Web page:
Monday, January 31, 2011

Roosevelt's 1944 call for an 'Economic Bill of Rights' is still relevant, especially for the South

In the wake of the country's most recent recession and war, should Americans turn to the 66-year-old advice of a former president for improving the economy? During his state of the union address on Jan. 11, 1944, President Franklin D. Roosevelt called for a second Bill of Rights, guaranteeing the right to a useful job, the right to earn enough money to provide food, clothing and recreation, the right of every business to trade in an atmosphere of freedom from unfair competition, the right to adequate health care, the right to protection in old age and the right to an education. Ferrel Guillory, director of The Program on Public Life at the University of North Carolina at Chapel Hill and Richard Hart, communications director at MDC, a Chapel Hill-based nonprofit dedicated to advancing economic and educational opportunity writes about Roosevelt's speech for The Anniston Star(Photo from the Franklin D. Roosevelt Presidential Library and Museum)

"So why recall Roosevelt’s 1944 State of the Union?" Guillory and Hart ask. "Because 2011 is developing into a year of reckoning — a moment of difficult decisions that cry out for leaders focused on equity, opportunity and competitiveness in arming the nation’s people and their communities for coping with a time of disruption." Guillory and Hart argue that too many Americans are not truly free in the face of financial insecurity. A growing group of young adults without the skills to get an education or better job are in even worse shape.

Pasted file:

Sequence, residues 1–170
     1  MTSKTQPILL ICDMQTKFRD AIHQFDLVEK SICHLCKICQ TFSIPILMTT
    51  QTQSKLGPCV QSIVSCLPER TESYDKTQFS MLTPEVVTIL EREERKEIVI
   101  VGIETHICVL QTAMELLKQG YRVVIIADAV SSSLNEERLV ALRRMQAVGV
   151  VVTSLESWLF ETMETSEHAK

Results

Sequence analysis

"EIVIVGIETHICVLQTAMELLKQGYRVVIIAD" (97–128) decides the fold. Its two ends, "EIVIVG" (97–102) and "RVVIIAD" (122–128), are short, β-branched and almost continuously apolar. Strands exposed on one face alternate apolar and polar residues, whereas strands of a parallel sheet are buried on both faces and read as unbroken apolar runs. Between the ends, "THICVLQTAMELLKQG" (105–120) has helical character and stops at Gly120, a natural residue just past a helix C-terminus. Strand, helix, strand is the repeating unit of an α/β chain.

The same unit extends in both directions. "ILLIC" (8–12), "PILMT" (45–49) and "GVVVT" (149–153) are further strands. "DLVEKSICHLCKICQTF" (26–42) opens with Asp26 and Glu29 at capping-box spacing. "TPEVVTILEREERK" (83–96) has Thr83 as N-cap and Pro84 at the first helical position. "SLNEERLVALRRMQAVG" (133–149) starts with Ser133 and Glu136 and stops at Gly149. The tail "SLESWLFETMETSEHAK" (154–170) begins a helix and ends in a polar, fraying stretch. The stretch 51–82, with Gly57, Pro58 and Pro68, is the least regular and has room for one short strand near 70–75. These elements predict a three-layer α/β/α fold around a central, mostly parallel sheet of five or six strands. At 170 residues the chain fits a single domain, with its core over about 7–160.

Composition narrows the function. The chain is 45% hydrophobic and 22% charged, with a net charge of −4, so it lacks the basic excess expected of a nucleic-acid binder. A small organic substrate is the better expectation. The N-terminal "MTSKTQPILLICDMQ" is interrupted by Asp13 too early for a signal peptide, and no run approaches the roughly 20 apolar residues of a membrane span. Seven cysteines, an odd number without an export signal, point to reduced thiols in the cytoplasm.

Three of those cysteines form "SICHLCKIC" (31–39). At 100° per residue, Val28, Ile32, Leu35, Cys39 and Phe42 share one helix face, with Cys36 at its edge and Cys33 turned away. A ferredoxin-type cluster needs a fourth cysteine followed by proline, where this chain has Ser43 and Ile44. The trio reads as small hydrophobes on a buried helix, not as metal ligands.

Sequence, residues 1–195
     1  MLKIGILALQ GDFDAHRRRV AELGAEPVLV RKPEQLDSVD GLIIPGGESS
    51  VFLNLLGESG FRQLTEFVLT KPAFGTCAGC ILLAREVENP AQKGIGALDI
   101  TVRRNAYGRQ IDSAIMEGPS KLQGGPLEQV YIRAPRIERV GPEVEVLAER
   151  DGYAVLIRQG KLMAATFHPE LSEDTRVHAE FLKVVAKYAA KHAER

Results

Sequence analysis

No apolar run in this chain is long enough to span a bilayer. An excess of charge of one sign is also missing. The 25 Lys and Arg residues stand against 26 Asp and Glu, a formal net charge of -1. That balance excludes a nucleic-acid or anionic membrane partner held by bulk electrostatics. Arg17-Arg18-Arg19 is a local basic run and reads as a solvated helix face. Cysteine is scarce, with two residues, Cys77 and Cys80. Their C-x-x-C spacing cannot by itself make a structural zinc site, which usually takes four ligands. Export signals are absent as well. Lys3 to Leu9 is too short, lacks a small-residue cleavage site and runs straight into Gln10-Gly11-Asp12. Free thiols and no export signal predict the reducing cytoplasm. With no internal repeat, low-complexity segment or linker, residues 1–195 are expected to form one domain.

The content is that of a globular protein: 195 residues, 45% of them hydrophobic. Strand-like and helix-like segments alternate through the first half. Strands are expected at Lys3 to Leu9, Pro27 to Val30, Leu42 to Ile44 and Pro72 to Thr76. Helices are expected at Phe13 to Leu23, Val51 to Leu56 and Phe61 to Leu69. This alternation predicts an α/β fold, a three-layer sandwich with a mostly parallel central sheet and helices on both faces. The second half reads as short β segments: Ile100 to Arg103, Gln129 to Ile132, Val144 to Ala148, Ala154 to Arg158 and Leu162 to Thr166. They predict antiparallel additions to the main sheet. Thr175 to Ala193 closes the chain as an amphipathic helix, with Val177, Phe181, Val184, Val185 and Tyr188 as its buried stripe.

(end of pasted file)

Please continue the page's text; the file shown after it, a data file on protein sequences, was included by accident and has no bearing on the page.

"We need to fix an education system bound by early industrial-era structures at a time when we need schools to prepare young people for coping with a 21st century of life-long learning," Guillory and Hart write, noting that "across the South and the nation, a community’s skill levels will determine its economic prospects." The two writers call for regional collaboration that goes "beyond the urban/rural/city/state boundaries that now constrain our thinking." Guillory and Hart conclude, "However difficult our current economic moment, it is an opportunity for leaders who would seize it to chart a course, not for a return to an old 'normal,' but toward a more prosperous society, more widely shared. That’s what FDR was trying to do. And it’s what we need today." (Read more)

The Franklin D. Roosevelt Presidential Library and Museum has more information about the speech. The MDC report, State of the South, is also available.

1 comment:

Charlie said...

I think part of the problem with that would be providing a "useful job." The government could provide jobs, but it couldn't necessarily make them useful, especially if the aim is 100 percent employment.